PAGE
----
Dental technicians: Filling a vital role in veterinary medicine

Dental technicians: Filling a vital role in veterinary medicine

Specialty dental training offers an exciting avenue for veterinary technicians interested in growing in their jobs. These three cases demonstrate the technician's role in improving pets' oral—and overall—health throughout a pet's lifetime.
Feb 01, 2012
By staff

Small-animal veterinary dentistry is filled with people committed to bringing the concept of oral health to the forefront of the veterinary profession. The veterinary technician plays a pivotal role in the execution of the many facets of high-quality dentistry. The key is a solid foundation of education and knowledge, along with the ability to apply the techniques learned with expertise and confidence.

Most of us have entered the veterinary field because we love animals. And you can put your skills to work by pursuing the source of the No. 1 disease in veterinary medicine: periodontal disease. When we educate clients about effective dental care, we promote a lifetime of oral health and well-being for their pets. As a result, the pain and suffering that is so notable with dental disease can be prevented or addressed and alleviated. The reward is great for technicians as professionals. And for pets, it improves their level of comfort and quality of life.

This article examines three cases from the files of the Academy of Veterinary Dental Technicians (AVDT) that represent different aspects of oral disease seen in small-animal veterinary dentistry. These cases offer insight into the importance of recognizing and implementing good oral health for all of your patients.

CASE 1: Painful gingivitis and periodontitis in a kitten

Juvenile gingivitis or periodontitis can be a painful condition for a young animal and disheartening to the pet's owner. Clinical signs include extensive inflammation of the gingival tissues, oral pain, hesitancy to eat and groom, and bleeding of the gums, and it can lead to periodontal disease and tooth loss.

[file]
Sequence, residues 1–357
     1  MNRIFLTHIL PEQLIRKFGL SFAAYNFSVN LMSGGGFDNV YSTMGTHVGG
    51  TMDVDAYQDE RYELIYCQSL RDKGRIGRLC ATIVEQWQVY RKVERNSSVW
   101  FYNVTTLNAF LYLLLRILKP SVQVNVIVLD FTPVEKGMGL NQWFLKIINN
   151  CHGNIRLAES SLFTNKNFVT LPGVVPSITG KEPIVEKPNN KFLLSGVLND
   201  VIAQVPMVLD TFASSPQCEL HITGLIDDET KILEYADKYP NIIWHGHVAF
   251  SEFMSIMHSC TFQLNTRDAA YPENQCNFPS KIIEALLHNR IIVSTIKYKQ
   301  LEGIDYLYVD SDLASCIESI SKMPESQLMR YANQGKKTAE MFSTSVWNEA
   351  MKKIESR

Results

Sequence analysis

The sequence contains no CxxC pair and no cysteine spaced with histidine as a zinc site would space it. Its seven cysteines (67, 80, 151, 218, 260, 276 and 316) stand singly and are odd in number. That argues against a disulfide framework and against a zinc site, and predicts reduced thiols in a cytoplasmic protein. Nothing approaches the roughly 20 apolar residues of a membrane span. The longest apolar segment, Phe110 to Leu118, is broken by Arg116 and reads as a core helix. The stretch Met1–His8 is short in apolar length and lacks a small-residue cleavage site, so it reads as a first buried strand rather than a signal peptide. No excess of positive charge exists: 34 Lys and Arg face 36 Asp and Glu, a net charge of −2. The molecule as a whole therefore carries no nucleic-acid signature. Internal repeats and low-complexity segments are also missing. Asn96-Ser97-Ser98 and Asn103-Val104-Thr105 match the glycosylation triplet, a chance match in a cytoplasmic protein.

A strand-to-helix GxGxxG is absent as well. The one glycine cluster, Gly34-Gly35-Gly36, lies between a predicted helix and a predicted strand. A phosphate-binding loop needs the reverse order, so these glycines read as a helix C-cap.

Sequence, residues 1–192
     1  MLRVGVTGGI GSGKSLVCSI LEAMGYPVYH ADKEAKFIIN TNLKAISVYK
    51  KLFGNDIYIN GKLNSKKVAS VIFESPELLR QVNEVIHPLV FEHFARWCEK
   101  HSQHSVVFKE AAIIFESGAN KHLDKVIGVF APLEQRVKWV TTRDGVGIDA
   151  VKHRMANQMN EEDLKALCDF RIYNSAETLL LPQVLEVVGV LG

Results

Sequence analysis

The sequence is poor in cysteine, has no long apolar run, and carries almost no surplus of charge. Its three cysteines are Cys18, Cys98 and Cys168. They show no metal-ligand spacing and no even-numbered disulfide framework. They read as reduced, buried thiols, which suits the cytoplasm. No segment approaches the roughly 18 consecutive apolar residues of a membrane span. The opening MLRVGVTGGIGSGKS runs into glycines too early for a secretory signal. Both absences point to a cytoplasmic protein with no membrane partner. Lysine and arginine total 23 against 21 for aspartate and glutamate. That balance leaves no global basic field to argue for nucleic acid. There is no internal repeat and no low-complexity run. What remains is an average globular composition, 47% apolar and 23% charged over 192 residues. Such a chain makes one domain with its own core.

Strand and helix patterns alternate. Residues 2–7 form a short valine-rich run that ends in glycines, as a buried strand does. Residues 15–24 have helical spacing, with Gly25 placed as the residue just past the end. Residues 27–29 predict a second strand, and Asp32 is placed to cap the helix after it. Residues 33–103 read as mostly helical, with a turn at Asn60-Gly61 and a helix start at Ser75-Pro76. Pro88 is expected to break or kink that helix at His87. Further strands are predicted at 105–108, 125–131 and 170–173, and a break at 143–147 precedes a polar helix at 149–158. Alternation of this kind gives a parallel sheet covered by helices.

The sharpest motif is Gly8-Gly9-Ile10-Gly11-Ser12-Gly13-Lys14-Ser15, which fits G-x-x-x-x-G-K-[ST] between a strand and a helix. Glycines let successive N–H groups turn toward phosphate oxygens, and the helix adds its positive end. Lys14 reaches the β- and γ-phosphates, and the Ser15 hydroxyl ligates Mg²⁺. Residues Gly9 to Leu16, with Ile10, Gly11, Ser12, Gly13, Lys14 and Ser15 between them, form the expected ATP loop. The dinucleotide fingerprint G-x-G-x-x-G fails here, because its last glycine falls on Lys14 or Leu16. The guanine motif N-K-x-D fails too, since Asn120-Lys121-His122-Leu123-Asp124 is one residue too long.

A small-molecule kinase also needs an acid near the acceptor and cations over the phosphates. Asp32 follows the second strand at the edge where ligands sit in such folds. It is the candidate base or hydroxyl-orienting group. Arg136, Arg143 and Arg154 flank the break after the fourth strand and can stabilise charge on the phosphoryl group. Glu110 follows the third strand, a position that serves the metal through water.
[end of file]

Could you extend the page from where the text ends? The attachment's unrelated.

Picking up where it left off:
Tianna, a 6-month-old female kitten, was presented for a physical examination and vaccinations. The owner reported she would pull away when he tried to pet her and would not allow him to handle her mouth to any degree. He reported some bleeding from her mouth. The owner had already been through extensive oral therapy with his older cat and was aware of the signs the kitten was showing.

Figure 1 & 2. Generalized gingivitis is evident on oral examination.
On oral examination, it was obvious that Tianna's gingiva was inflamed and already showing some attachment loss along several teeth. The owner was advised of the importance of the mouth being kept as clean as possible, which ideally meant brushing the teeth to remove the plaque on the tooth surfaces. But this process would be painful for Tianna and difficult for the owner to accomplish. So Tianna was scheduled for an oral assessment under general anesthesia to help choose the most beneficial treatment.

Figure 3. An intraoral radiograph revealing horizontal bone loss on the mandibular incisors.
Tianna underwent a preanesthetic blood panel, had an intravenous catheter placed, and was maintained under general anesthesia. An oral examination revealed severe gingival inflammation with periodontitis (Figures 1 and 2). A full-mouth series of digital radiographs was obtained, which revealed several teeth with marked vertical bone loss and mobility (Figure 3). A supernumerary left mandibular premolar (tooth 308) was also involved (Figure 4).

Figure 4. An intraoral radiograph revealing a supernumerary tooth (308) as well as vertical bone loss on tooth 309.
It was recommended to clean the teeth and extract any teeth showing evidence of periodontal disease. All of the mandibular incisors were removed, along with the supernumerary tooth 308 and the left mandibular molar (tooth 309). Extensive gingival hyperplasia was also present, so gingivectomy with a carbon dioxide laser was performed where needed (Figure 5). Tianna's recovery was uneventful.

Figure 5. The gingivectomy site on teeth 307 and 308 as well as the extraction site of teeth 308 and 309.
Tianna was released that evening with instructions for follow-up care, including using an oral rinse and continuing a regimen of antibiotics and pain medication that had been started before the oral procedure.

Her first recheck appointment in one week showed healing of the extraction sites and gingival tissues along with a noticeable reduction of gingival inflammation. The owner was advised to return for another oral examination in three months—and sooner if needed.

Juvenile gingivitis or periodontitis requires an owner's conscientious care and commitment to ensure continued treatment, since the condition is not easily resolved. It is hoped that Tianna will continue to improve and be able to live her life without the constant pain she endured early on. Oral examinations throughout the year along with any therapy needed will be important to Tianna's long-term oral health.